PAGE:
The pictures are all done in a spooky-cutsie style with great colors throughout.  There's a lot to look at on every page, with all those letters of the alphabet all saying funny little things off to the side.  All this makes for a picture book that you'll want to read over and over, no matter if you've outgrown picture books or not.


Sunday, October 21, 2012

Ice Cream Sundays - {roasted banana}

When I made this roasted banana ice cream, from David Lebovitz's The Perfect Scoop, I couldn't resist his suggestion to make banana splits with the banana ice cream.  Banana ice cream, hot fudge and homemade whipped cream sounded like a delicious combination - and it didn't disappoint!

The banana ice cream gets its texture from the bananas versus heavy cream (which isn't even added in this recipe).  There's really not even much added sugar.  The bananas do all the work in this recipe - who knew they were such a capable fruit?

We all really liked the ice cream, but the addition of the hot fudge sent it over the top.  If I were to make it again, I'd make sure to have a big vat of hot fudge at the ready.  And the addition of the whipped cream was like icing on the cake.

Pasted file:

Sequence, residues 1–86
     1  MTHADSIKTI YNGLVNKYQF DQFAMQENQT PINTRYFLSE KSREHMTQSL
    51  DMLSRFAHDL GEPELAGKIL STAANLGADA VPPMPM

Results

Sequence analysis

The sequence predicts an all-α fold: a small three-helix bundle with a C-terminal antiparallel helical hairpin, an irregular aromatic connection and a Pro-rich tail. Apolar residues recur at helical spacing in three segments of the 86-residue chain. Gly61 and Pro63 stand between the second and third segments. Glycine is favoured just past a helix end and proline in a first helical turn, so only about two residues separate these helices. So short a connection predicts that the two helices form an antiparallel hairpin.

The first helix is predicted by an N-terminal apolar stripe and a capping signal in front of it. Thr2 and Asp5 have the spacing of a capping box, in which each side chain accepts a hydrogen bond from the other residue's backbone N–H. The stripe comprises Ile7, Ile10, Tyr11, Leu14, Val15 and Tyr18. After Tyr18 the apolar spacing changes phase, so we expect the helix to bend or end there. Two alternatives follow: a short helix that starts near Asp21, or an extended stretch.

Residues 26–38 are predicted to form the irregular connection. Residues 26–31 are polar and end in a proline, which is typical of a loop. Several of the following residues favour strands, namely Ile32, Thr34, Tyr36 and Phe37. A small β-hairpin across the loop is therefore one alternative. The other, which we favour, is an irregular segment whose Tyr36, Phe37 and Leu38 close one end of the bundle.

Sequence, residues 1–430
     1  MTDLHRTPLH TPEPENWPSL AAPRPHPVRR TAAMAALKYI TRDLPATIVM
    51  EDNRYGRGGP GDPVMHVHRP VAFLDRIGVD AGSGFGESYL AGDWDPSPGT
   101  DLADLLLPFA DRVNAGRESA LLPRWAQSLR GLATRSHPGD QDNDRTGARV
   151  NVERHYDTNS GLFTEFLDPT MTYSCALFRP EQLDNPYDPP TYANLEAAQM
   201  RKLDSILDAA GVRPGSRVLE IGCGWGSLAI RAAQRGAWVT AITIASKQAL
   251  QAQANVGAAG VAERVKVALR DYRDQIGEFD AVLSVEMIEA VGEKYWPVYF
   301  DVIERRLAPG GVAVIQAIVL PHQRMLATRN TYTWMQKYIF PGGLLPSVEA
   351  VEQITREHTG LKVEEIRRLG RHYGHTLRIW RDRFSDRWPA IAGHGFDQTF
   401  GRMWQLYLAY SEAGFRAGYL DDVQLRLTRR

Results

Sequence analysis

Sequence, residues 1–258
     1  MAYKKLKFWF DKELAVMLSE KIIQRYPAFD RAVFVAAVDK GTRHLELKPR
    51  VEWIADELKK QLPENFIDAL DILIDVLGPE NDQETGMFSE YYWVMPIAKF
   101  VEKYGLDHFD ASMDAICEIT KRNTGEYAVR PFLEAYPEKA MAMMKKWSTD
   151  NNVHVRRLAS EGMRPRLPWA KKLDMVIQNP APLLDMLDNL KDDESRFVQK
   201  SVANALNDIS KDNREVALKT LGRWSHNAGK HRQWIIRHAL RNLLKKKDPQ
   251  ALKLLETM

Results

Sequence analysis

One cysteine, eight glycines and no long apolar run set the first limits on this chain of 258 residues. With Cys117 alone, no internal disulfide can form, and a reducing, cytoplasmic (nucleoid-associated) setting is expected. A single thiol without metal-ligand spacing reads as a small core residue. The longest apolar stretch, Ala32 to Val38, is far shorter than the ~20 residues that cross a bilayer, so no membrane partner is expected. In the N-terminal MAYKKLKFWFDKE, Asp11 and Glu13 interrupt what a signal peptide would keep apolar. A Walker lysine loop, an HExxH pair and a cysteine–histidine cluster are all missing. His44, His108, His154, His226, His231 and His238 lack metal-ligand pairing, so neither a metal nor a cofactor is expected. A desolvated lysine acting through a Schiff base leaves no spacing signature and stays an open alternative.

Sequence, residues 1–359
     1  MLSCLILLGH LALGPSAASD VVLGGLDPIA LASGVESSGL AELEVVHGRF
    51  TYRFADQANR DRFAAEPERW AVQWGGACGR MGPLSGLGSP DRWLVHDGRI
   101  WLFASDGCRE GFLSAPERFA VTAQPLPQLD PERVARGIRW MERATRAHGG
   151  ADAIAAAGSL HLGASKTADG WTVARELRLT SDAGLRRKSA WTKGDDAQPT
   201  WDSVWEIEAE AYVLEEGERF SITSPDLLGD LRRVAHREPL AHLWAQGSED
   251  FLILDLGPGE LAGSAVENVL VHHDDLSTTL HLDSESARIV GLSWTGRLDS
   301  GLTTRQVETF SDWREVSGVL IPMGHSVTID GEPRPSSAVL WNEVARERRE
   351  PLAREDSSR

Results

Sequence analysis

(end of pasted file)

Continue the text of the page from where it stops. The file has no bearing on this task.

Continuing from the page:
Friday, October 19, 2012

Palm Oil

A few days ago, I read an article online about orangutangs losing their habitat for palm oil.  Here's the link to the article.  I had no idea about this, so I thought I'd put it up on the blog and help spread the word.

I believe knowledge is power, and if consumers collectively refuse to buy something, together we can change things.  So please, take a look at your cupboards and see if there are any products with palm oil in them and if there are, just buy something different, without palm oil, next time.

The orangutangs thank you!


Monday, October 15, 2012

Book Nook - Cooking for Friends

Cooking for Friends by Gordon Ramsay:

I discovered this book because I had heard about the awesome photography by Ditte Isager, and I was really curious to see it.  So, I suppose I'll start there, with the photography, which is usually a secondary thought with cookbooks, but not this one.  The photography makes the book.  Isager's photos are both beautiful and simple, and are showcased on heavy, matte paper.  She uses a palette of soft blues and light browns, combining textures of the earthenware plates and wrinkly linen fabrics.  Everything seems to be placed casually, but in the back of my head I know it's painstakingly deliberate.  The lighting is natural and gorgeous.  Isager makes food photography look so easy, and she makes the food look so delicious!